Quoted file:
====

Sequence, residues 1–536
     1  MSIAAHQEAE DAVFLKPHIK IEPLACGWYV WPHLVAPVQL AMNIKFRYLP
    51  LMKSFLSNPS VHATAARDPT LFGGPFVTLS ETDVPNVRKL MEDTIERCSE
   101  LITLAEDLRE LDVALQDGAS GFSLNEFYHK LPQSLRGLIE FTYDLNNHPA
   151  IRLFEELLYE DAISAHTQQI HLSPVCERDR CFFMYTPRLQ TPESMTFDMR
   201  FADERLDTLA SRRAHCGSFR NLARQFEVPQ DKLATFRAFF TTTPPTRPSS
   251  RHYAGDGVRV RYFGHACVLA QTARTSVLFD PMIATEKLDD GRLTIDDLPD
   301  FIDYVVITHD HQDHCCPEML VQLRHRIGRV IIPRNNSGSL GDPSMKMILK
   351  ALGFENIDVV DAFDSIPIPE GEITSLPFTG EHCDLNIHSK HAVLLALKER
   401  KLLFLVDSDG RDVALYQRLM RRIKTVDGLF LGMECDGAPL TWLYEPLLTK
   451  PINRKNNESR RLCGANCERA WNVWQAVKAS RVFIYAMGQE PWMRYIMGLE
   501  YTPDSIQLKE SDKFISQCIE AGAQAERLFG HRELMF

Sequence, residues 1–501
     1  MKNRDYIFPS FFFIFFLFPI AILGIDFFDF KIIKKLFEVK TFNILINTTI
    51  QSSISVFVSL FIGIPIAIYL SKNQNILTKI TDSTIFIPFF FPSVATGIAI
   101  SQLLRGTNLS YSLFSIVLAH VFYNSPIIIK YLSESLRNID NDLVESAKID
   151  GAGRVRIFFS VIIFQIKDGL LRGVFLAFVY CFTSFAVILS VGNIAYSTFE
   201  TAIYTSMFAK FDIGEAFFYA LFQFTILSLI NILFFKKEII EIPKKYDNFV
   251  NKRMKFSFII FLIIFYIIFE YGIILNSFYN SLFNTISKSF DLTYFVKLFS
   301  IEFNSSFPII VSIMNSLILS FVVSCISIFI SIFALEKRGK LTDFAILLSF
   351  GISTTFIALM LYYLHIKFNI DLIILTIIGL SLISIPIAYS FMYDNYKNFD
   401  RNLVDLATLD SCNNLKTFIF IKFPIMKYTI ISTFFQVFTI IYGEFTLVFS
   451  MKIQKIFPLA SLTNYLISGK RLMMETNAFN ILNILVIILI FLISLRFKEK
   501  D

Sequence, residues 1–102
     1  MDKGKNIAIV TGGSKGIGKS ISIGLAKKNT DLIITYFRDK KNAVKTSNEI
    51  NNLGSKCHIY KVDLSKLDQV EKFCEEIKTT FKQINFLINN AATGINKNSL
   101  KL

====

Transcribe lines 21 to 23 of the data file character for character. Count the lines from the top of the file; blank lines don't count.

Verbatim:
   351  GISTTFIALM LYYLHIKFNI DLIILTIIGL SLISIPIAYS FMYDNYKNFD
   401  RNLVDLATLD SCNNLKTFIF IKFPIMKYTI ISTFFQVFTI IYGEFTLVFS
   451  MKIQKIFPLA SLTNYLISGK RLMMETNAFN ILNILVIILI FLISLRFKEK